by Corey Bullock – Ahwatukee Campus Pastor

blood brothersThis post today may simply be written on my own behalf, but I hope that somewhere in the blogosphere that someone is challenged in the same way that I am. I have been reading a book called “Blood Brother’s” by Elias Chacour. He is a Palestinian Christian that writes about his personal experience at overcoming hate and seeking peace in Israel not only in his soul but for the people of the land. Admittedly, I am just now becoming familiar with the issues that surround the Israeli/Palestinian conflict. As I learn more about the tensions that exist, I becoming increasingly aware that to choose sides in this conflict does nothing to resolve it.

Although I believe it would behoove you to research more into this cause, my post today has little to do with the issues that are specific to that land. Instead, I direct your attention to the man who authored this book and his desperate search to discover how God wanted to use him.

From a young age Elias found himself pursuing God’s direction for his life. Having experienced tragedy in his youth at the hands of the Zionists who stole his property and persecuted him, it would have been natural for this young man to harbor resentment and join rebellion efforts. However, God drew Elias near and camped his mind on the words of Jesus instead of the feeling that would only breed further dissonance. It was in the ‘Beatitudes’ that Elias discovered his service to God and his purpose to His people. In the midst of the turmoil, Elias was sent to be a peacemaker.

Elias recounts a portion of a lecture that would forever shape his pursuit of peacemaking from one of his professors:

“If there is a problem somewhere . . . this is what happens. Three people will try to do something concrete to settle the issue. Ten people will give a lecture analyzing what the three are doing. One hundred people will commend or condemn the ten for their lecture. One thousand people will argue about the problem. And one person – only one – will involve himself so deeply in the true solution that he is too busy to listen to any of it. Now . . . which person are you?” – Blood Brothers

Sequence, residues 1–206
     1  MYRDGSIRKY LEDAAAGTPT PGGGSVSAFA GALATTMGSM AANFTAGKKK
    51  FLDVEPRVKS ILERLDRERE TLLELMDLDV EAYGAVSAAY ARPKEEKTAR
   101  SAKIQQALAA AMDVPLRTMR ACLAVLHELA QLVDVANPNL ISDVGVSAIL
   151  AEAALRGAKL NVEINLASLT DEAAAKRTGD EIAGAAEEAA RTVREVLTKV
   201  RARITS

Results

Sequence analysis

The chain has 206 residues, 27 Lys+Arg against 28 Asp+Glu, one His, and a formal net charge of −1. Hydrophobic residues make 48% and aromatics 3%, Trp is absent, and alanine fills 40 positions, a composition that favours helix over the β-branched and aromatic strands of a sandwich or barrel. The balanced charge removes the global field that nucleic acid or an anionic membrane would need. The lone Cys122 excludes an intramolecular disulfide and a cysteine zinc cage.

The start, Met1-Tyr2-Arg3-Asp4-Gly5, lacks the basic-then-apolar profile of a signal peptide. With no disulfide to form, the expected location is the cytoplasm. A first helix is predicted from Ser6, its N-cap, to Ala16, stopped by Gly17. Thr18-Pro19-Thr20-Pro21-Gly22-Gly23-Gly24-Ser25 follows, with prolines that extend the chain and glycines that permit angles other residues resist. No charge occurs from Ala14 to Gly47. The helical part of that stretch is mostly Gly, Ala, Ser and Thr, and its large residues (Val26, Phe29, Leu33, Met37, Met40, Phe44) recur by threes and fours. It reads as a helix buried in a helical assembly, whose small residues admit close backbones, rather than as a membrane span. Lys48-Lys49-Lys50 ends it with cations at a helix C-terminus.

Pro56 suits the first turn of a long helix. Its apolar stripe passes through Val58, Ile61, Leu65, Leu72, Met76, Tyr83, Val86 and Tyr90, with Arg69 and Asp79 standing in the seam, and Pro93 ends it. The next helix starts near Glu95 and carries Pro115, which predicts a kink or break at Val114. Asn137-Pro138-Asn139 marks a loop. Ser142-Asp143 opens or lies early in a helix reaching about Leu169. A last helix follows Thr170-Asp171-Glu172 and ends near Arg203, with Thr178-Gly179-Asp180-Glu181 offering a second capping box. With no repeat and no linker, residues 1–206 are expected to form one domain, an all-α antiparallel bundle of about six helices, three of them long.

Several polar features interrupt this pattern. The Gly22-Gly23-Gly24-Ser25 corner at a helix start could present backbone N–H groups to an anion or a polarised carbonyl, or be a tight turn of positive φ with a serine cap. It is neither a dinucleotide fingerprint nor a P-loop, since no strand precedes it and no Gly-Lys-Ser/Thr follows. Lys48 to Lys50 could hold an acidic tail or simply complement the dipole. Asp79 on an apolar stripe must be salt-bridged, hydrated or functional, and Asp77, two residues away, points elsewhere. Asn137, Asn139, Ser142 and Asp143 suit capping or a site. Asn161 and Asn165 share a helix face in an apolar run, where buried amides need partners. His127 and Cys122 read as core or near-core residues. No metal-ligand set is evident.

Like Elias, we know that God has a plan for our lives, but discerning that path is often difficult and can take time. We get frustrated that our prayers rarely result in a quick and clear answer. We want to do God’s will but we want to do it on our schedule. How can we be expected to persevere through the overwhelming problem if we cannot even persist on the front end of pursuing God? Why would God entrust such a responsibility to one so impatient not endure the time of preparation that is necessary?

These are questions that we must ask ourselves as we seek after our purpose – seek we must! Too many of us have become content with tensions around us and complacent in our situation. We either think that the issue is too big for us to tackle or worse yet, we have resigned to live out our lives in mediocrity. I believe that God has put in each follower of Christ a passion for something, experiences that are invaluable to that passion and spiritual gifts that equip a person to do something about it. The question we have to ask ourselves regarding the problem that peaks our passion – which person are you?

I don’t feign to be an expert on discerning the will of God in mine or others’ lives. My plea today is that you would simply pursue it with all of your heart and not settle for anything less. We can learn from Elias a few things that can aid in that pursuit.

  • Spend time with God in contemplation both in prayer and his Word. God speaks!
  • Seek Godly wisdom from others who are seeking God. Talk with others about your pursuit and read from authors who have studied this. Two books I would recommend that are both inspiring and instructive:
  • Survey your life. Write down the things that you are passionate about, the things that stir you or disturb you. What experiences/education/training/life lessons give you insight into the problem? How has God gifted you to take on the problem?

A problem somewhere

| Discipleship, Reading |
About The Author
-